The U.S. Coast Guard has yet to determine the cause of a deadly oil barge explosion that killed two crewmembers off the coast of Port Aransas, Texas, last month.
Crew Member Remains Missing
Dujour Vanterpool, 26, of Houston and Zachariah Jackson, 28, of Salt Lake City, Utah, died tragically when the forward section of a Bouchard Transportation oil barge suddenly exploded around 4:30 a.m. on October 20th.
Vanterpool’s body was discovered the following Monday, about six miles south of the Malaquite Pavilion in the Padre Island National Seashore.
Jackson’s remains have not been found.
The remaining six crewmembers were able to safely escape from the vessel.
Oil Barge was Carrying a New Crude When It Exploded
The cause of the explosion remains unknown nearly a month after the incident. However, Captain Jason Smith, Deputy Sector Commander, Coast Guard Sector Corpus Christi, recently suggested that the vessel’s cargo may have played a role in the tragedy.
“What we do know is there was some explosion that occurred,” Smith during a November 14th meeting of the Port of Corpus Christi Commissioners. “The product that they’re carrying is a new crude…it’s relatively new to us as well. So we’re trying to explore how that type of crude oil would explode like that.”
According to Smith, rescue crews were on scene just 40 minutes after the explosion occurred. He praised the various responding agencies for the swift reaction, strong communication among responders, and the effective use of available resources.
“We plan for these kinds of events, and then in the rare opportunity that we have to exercise them, we have those relationships already in place.”
Coast Guard Continues to Monitor Beaches, Gulf of Mexico for Possible Environmental Impacts
The crippled barge was heavily damaged in the explosion and ensuing fire, causing the vessel to spill hundreds of barrels of oil into the Gulf of Mexico. Some of that oil washed up on Mustang and South Padre Islands.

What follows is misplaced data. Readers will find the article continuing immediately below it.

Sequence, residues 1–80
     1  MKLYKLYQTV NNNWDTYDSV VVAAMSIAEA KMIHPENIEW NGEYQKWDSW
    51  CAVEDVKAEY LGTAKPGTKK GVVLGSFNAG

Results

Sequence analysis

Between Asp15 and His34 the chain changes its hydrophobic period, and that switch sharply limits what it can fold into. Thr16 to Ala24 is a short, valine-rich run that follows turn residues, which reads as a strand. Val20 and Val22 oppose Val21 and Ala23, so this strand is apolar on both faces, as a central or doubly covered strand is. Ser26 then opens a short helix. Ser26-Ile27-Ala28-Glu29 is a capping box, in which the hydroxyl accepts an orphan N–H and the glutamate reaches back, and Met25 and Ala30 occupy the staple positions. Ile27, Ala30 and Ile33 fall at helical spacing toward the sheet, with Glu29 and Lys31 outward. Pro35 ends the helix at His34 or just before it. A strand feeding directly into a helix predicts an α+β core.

According to Smith, a 140-person cleanup crew spent two weeks ridding the beaches of oil.
“Both the Coast Guard and all of our local, state and county partners, are out their monitoring the beach and water to make sure there’s no long-term impact,” he said.
Bouchard Transportation Responsible for Cleanup and Response Costs
Bouchard Transportation will be responsible for all costs related to response and cleanup, though a final figure has yet to be determined.
Just one day before the Port Aransas oil barge explosion, Bouchard Transportation and its affiliates agreed to pay $13 million to resolve remaining federal and state natural resource damages claims related to their role in the April 2003 Buzzards Bay Oil Spill off the coast of New England.
Bouchard had previously paid $6 million to settle claims for injuries to shoreline and aquatic resources, coastal recreational uses, and piping plovers stemming from the Buzzards Bay spill. The company also agreed to pay $10 million to resolve criminal charges and entered into an $11 million class action settlement related to the incident.
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